Junior Book Club Linky - 15th November 2012
Welcome to the Twelfth MotherGeek #JuniorBookClub Linky! Feel free to join in by adding your own links.You can find the linky at the bottom of the page, after my review.This week, I...
Welcome to the Twelfth MotherGeek #JuniorBookClub Linky!
Feel free to join in by adding your own links.
You can find the linky at the bottom of the page, after my review.
This week, I am reviewing something a bit different....The book is "The Princess and the Peas."
It is Written by Caryl Hart, and illustrated by Sarah Warburton.
The Princess and the Peas is a large paperback, with 32 pages.
It is published by Nosy Crow, and the ISBN is: 9780857631084
The RRP is £6.99, and the book is on the large side - measuring in at 290 x 250 mm.
The images are bold, fun, and really help bring the story to life. The pages have a matte feeling, and they are a good thickness.
The story itself is brilliant. It tells the tale of a young girl who is perfect in every way, but she hates peas. I won't give away the plot, but it is a modern, quirky story, which is a must read for any child who hates peas.
Our toddler ADORES peas - he'd eat them 24/7 if we let him, so it wasn't such a hit of a story with him. It is aimed at kids aged 3+ though, so he's a bit young for it,
The book on it's own would get 4/5. The images are brilliant - full of funny little things parents will smile at, but children will probably miss. (Like the Doctor's Bill: "Lots of money").
The unique thing about it though is the fact you get a FREE audio reading of the story. Inside the cover is a QR code. You scan the QR code (which is like a barcode) using a QR Reader app on your smart phone (or tablet - if it has a QR app and a camera). The audio version then shows up on your screen, and you can listen to an audio version of the book.
It encourages children to read along with the book, and it beeps to tell you when to turn the page. It kind of reminded me of the audio cassette books I had as a kid in the 80's, except with these, kids can listen anywhere - not just when they can sneak a go of their big sister's ghetto blaster, while she's in the bath.......! (Was that just me, then)?!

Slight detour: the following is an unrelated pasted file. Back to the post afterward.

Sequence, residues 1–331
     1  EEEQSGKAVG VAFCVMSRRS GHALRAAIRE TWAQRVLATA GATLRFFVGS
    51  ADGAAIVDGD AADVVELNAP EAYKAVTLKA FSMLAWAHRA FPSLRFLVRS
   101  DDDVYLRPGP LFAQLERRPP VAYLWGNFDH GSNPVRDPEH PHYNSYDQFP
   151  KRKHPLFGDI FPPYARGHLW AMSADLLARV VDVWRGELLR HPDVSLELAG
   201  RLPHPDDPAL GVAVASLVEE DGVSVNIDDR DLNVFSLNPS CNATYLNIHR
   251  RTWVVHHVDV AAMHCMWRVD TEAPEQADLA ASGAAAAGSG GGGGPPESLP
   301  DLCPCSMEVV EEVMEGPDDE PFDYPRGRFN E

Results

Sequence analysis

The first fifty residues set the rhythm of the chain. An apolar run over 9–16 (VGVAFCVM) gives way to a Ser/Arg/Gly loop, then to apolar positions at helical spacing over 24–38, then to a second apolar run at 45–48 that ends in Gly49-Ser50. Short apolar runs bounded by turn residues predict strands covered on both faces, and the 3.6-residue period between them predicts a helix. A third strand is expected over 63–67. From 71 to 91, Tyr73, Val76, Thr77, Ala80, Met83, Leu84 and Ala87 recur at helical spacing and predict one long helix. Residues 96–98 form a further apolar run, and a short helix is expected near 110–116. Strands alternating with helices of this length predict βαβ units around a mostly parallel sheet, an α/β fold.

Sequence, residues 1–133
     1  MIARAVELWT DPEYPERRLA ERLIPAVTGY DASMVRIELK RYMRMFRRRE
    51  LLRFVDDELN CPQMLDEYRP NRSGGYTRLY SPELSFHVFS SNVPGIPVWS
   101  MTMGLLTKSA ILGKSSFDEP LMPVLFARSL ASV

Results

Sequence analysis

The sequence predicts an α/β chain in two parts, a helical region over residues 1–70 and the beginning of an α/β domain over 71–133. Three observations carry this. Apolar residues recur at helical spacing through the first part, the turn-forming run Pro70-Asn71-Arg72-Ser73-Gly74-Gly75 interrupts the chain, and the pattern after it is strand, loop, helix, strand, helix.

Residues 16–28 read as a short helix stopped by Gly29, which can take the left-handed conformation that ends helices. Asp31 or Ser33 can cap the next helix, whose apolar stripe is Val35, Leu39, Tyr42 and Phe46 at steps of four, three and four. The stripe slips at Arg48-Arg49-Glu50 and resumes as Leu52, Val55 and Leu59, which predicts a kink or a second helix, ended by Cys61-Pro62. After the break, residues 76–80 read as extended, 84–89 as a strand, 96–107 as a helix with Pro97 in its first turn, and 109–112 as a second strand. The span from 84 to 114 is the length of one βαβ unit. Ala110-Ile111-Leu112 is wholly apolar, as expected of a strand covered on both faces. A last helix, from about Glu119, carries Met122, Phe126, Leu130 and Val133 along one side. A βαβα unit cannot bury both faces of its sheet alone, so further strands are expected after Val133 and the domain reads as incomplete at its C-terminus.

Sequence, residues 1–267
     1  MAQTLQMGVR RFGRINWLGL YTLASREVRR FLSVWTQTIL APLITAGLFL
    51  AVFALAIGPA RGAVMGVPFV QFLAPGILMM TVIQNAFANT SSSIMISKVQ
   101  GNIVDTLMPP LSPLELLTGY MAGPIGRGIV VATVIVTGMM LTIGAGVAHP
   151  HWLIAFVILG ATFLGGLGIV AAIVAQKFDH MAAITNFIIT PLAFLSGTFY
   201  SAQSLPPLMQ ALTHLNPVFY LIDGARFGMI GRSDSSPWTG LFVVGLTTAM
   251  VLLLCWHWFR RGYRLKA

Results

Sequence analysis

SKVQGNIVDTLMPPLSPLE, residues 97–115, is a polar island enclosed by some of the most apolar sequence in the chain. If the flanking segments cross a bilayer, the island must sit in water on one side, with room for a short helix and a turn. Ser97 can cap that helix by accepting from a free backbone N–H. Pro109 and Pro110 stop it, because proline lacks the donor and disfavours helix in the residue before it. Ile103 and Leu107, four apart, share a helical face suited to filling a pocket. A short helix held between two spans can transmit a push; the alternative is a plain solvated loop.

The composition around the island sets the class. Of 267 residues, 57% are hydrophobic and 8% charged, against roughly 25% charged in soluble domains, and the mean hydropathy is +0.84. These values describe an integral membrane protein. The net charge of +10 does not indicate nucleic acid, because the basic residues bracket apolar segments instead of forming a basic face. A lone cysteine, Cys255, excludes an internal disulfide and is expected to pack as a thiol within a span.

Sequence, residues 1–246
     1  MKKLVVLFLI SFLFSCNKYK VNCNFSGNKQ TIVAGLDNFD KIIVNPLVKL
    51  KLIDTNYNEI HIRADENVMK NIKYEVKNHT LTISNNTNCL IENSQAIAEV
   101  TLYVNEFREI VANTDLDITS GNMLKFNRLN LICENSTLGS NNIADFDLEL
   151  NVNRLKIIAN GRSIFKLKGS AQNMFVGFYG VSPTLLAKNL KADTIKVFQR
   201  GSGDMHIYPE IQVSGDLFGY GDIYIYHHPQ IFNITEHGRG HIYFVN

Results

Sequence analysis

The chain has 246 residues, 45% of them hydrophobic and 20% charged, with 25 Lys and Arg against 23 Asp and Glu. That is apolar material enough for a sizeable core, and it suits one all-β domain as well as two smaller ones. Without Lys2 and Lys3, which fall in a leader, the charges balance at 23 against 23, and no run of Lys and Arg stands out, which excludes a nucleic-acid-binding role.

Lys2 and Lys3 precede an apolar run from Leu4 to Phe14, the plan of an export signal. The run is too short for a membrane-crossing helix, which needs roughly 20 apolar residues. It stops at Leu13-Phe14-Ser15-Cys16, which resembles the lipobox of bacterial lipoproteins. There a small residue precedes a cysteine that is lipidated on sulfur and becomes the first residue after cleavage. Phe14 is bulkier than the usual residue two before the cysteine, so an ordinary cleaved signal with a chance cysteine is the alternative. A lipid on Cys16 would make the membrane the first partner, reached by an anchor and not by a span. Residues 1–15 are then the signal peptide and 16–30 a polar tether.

The good thing about the Stories Aloud idea is that children can listen to the stories whenever they like, at no additional cost. You have access to the "audio book" when you've only paid for the paper book, so in effect you're getting, "two for the price of one."
Personally, I love to read stories aloud to my children, but I know loads of other parents don't feel confident in doing so, for whatever reason. For people who aren't confident readers, it is a great way to bond with their children. You can cuddle up and follow the words in the book with your finger, while the story is narrated around you.
It is also a good thing to have when you are out and about (with Wifi or 3G coverage). If your children get bored, you can accessed the saved QR code on your app, and play them the story, even when the book isn't with you. You can also pay 99p to buy the download via iTunes, Amazon or Google, and save the audio version to your device, so you can play them anywhere, even when you don't have an internet connection.
All told, I think the Stories Aloud concept is a great one.
You can download a QR Reader app for free on any smartphone, and listen to a story now, if you want to test it for yourself?
Scan the QR code below for the Stories Aloud edition of "Pip and Posy: The Super Scooter," by Axel Scheffler:
I highly recommend the book, and I love the idea of Stories Aloud, too. I will still read to my children, as I really enjoy it, but I feel a lot more children will benefit from being read to, thanks to Stories Aloud.
This is not a sponsored post. I was sent the book to review, but all words and opinions are my own.
The stories Aloud books are not on sale until January. I have been sent this copy in advance.